Void of Light | Export Stout | Gun Hill Brewing | Bronx, NY | 7.9% ABV
I did not go into GABF expecting to come out of it writing about an export stout but here we are. When the beer in question has one of each GABF medal (2014 Gold, 2019 Bronze, 2020 Silver) that’ll happen. Void of Light had an unexpected amount of coffee roast to go along with some chocolate character and a pretty dry finish. A bit of bitterness (but not too bitter!) showed up in the finish and you have something closer to a classic stout than the current sweeter versions. As is the theme, it drank a lot lower than its listed 7.9%. While the mouthfeel wasn’t as full as something like an imperial stout, you should know that going in and enjoy it as much as I did. Gun Hill ages it in bourbon barrels and that’s definitely something I don’t think I’ve ever had.
Second Amendment | Brown ale with orange peel and coconut | Montclair Brewery | Montclair, NJ | 4.5% ABV
My other “Wow” beer. I grabbed a pour as we went over to interview Leo Sawadogo and stopped in my tracks with that reaction. Second Amendment (Note: They also had a First Amendment beer pouring and plan on doing more, so it’s not just that one) absolutely stood out to me. The nuttiness of the brown ale gets a huge boost from the added coconut. While the orange peel really didn’t show itself for obvious reasons, the beer itself had so much coconut and nuttiness that it didn’t matter. And it was the good coconut, not a sun tan lotion coconut. While very coconut forward, it still finished like a brown ale with some bready and sweet malt notes driving it. Absolutely outstanding. More expertly adjuncted brown ales please!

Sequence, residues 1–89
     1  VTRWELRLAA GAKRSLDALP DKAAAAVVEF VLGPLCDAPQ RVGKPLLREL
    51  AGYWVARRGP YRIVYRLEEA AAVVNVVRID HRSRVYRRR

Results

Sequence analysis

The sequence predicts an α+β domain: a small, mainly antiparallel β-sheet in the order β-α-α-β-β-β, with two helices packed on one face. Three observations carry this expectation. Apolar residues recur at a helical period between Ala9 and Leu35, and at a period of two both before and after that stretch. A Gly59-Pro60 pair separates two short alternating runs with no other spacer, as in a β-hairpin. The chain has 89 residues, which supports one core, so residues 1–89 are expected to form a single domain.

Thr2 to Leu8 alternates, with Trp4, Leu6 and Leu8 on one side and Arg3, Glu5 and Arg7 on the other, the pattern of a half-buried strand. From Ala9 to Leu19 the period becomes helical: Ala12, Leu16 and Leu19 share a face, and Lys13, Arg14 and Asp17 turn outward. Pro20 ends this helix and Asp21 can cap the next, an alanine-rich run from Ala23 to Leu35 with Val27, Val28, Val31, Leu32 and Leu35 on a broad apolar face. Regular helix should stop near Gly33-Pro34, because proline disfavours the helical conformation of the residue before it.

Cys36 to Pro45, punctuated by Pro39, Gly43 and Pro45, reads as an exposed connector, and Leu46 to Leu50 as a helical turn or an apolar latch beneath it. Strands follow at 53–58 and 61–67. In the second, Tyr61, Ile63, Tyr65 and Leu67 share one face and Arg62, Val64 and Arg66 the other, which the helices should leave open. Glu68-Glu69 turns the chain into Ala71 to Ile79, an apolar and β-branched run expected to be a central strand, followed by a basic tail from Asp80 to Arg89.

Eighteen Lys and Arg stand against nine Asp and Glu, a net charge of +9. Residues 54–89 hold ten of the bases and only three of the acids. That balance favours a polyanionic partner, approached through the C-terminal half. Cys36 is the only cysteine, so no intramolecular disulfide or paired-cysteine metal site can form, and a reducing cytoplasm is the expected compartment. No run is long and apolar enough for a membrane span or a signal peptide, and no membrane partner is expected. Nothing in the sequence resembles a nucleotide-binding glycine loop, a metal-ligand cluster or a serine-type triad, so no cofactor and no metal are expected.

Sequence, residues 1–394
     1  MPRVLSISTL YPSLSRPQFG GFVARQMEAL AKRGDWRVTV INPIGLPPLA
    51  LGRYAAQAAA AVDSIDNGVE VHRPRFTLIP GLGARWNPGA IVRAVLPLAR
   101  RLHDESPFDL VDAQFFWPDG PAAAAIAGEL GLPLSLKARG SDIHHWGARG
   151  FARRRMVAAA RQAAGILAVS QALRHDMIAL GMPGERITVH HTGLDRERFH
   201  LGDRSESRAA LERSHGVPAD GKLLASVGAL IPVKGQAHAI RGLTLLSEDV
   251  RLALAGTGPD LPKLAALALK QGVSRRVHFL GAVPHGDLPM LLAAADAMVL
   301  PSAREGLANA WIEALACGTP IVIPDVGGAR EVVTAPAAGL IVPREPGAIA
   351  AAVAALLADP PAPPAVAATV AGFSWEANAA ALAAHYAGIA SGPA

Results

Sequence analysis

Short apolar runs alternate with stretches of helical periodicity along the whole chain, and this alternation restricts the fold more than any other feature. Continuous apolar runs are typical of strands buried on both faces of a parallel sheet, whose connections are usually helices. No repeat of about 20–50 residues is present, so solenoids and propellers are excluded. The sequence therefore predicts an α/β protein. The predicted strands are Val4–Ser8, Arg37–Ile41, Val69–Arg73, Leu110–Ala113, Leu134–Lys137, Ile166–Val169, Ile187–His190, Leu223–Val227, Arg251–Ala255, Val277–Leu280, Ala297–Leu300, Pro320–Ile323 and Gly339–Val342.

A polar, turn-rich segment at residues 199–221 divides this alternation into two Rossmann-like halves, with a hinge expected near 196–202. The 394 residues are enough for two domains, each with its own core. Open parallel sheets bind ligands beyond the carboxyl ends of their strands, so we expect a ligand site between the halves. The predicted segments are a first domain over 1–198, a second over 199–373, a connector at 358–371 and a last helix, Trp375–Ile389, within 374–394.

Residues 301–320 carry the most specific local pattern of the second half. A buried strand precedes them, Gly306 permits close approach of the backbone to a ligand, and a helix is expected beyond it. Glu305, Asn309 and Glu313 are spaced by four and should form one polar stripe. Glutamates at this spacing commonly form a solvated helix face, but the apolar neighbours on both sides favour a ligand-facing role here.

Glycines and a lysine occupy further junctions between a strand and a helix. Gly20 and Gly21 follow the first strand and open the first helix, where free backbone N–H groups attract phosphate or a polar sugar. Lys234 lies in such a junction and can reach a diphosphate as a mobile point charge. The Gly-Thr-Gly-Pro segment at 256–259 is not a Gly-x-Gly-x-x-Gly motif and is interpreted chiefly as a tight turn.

Expand Your View | Porter with barrel-aged chocolate malt | Pax Verum | Lapel, IN | 6.8% ABV